American runner Crystal Cox was stripped of her gold medal from the 1,600-meter relay at the 2004 Athens Olympics on Saturday after admitting to doping.
Cox admitted in 2010 to using anabolic steroids and accepted a four-year suspension and disqualification of her results from 2001-04.
The International Olympic Committee executive board formally disqualified Cox and took away her gold medal. However, the IOC took no action on the U.S. team victory. The IOC said it is up to the International Association of Athletics Federations, track and field's governing body, to decide whether to disqualify the United States from the gold.
Cox ran in the preliminaries of the Athens relay. Sanya Richards, Dee Dee Trotter, Monique Henderson and Monique Hennegan ran in the final.
Under current international rules, an entire relay team can be disqualified because of the doping of one member, even an alternate. But IOC spokesman Mark Adams said it wasn't clear whether the IAAF rules were in effect at the time of the Athens Games.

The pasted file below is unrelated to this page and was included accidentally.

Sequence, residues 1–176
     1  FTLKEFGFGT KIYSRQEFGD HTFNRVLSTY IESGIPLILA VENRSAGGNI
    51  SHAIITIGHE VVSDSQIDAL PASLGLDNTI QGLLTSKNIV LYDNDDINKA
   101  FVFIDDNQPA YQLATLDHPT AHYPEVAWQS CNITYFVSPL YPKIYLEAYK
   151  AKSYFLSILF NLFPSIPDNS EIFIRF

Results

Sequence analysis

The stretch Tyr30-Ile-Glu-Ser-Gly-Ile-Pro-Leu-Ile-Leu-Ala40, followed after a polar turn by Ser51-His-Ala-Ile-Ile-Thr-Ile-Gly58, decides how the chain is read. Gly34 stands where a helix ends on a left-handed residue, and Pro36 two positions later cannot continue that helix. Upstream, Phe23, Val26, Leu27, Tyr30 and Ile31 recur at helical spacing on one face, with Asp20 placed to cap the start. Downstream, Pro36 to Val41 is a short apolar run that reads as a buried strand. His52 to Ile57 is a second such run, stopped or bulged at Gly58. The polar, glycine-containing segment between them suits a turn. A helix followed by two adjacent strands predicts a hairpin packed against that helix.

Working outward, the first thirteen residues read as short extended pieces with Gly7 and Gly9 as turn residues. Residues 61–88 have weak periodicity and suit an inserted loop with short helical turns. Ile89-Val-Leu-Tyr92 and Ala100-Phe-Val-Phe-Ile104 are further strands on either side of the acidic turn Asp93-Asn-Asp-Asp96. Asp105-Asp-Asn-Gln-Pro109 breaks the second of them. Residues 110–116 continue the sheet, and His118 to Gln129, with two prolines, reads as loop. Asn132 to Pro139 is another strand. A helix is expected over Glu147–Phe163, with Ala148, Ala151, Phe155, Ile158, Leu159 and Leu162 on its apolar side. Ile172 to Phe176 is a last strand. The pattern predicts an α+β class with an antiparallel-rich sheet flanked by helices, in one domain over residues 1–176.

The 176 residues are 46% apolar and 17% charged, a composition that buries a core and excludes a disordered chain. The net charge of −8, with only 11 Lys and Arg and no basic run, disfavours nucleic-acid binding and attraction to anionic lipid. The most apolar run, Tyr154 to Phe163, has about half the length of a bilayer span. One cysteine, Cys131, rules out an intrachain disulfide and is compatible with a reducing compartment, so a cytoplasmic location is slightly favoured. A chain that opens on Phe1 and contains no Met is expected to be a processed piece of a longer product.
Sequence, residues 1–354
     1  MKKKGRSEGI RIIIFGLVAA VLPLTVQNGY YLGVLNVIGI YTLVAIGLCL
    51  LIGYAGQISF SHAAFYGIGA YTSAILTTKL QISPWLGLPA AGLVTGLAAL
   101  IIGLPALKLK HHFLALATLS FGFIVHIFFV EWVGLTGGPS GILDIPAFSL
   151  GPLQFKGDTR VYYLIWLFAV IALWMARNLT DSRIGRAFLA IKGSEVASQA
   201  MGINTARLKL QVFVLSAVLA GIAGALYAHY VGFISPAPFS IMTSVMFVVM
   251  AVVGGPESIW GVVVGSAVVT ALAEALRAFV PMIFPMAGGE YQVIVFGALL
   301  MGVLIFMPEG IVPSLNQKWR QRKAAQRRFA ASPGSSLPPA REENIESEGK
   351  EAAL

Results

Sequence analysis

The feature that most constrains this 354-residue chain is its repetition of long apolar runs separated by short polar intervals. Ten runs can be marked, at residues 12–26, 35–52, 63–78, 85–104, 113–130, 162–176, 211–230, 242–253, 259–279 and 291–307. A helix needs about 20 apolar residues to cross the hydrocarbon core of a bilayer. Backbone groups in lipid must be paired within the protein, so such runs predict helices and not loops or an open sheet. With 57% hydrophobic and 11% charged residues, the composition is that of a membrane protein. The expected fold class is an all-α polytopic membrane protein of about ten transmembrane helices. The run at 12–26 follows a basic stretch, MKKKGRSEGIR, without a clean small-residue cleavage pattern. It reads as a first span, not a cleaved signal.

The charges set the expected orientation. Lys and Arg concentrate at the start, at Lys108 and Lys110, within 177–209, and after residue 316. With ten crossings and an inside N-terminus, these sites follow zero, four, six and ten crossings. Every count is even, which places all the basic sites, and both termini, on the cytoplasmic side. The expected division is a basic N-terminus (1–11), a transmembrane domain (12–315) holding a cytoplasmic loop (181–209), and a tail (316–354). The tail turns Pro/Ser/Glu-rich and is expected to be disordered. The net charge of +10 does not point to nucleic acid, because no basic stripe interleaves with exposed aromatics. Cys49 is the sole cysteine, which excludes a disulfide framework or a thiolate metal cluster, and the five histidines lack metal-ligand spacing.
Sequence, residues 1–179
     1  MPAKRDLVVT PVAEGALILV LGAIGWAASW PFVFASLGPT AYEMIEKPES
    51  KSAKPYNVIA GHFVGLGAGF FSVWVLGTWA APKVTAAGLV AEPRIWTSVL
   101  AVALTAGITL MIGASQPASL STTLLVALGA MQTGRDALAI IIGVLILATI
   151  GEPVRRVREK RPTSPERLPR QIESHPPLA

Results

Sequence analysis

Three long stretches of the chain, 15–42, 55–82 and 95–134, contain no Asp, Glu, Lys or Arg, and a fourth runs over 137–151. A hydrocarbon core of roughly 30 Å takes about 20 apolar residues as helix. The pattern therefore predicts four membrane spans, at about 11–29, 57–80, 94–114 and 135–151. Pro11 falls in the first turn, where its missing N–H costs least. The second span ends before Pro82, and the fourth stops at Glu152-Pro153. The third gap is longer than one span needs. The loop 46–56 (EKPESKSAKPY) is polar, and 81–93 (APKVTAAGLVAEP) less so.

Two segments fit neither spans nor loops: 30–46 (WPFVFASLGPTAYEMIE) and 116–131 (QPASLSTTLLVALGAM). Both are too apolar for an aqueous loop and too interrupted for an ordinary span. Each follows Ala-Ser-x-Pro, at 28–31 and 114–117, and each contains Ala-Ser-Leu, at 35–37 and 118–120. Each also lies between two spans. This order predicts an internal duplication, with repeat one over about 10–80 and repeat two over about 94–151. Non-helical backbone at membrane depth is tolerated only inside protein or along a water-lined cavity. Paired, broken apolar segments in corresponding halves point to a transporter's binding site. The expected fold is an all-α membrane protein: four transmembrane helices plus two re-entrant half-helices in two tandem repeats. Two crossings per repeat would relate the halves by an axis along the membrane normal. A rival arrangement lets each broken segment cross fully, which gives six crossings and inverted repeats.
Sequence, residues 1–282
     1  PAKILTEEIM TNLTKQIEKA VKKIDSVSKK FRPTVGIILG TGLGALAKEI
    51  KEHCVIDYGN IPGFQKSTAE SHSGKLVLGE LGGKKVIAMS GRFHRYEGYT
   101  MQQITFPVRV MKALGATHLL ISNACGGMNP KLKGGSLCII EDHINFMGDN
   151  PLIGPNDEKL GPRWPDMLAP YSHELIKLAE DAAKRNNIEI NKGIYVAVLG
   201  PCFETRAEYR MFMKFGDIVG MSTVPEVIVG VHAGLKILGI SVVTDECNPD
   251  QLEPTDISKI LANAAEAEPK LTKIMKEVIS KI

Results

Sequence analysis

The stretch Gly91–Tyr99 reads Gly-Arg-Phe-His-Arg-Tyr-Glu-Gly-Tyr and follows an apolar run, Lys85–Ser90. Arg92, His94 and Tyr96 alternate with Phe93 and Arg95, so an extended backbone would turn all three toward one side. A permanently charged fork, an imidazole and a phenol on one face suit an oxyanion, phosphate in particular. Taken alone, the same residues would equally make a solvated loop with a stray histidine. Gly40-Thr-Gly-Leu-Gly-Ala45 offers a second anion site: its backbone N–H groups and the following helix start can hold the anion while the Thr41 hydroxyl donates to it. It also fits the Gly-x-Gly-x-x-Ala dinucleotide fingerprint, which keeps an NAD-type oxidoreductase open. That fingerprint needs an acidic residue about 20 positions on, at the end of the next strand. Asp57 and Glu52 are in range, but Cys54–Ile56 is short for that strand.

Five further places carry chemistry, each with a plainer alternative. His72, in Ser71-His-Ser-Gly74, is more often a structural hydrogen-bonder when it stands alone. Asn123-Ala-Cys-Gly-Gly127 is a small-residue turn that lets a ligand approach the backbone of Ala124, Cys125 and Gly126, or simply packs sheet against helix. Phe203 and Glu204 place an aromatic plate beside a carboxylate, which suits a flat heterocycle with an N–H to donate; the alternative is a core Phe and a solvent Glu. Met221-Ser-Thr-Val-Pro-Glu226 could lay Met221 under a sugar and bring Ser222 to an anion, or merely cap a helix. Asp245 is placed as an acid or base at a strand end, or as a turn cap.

"It is now within the remit of the IAAF to interpret its rules as to whether the disqualification of the athlete would have any effect on the results of the U.S. relay team," the IOC said.
If the United States is stripped of the victory, Russia would move from silver to gold and Jamaica from bronze to silver. Britain would get the bronze.
Nigeria was elevated to the gold, with Jamaica moving up from bronze to silver and the Bahamas from fourth to bronze.
The U.S. team was stripped of the medals in 2008, but reallocation of the medals was delayed pending any information from the BALCO doping investigation.
Women's basketball: Sylvia Fowles scored 15 points and Candace Parker added 14 to lead a balanced U.S. offense in a 109-55 victory over Croatia in an exhibition in Istanbul.
Sue Bird, absent for nearly a week after the death of her stepfather, returned to the U.S. team. Her 3-pointer triggered a 24-3 run that gave the Americans a 38-13 lead at the end of the first quarter.
The United States crossed the 100-point plateau midway through the fourth quarter on Seimone Augustus' jumper from the wing. The Americans finished the game shooting 52 percent.
Mum on the cauldron: The British Olympic Association has decided who will light the Olympic cauldron at Friday's opening ceremony, but no one is revealing the chosen one.
Worthy candidates include rower Steve Redgrave, decathlon champion Daley Thompson and runner Roger Bannister, the first to break the four-minute barrier for the mile in 1954.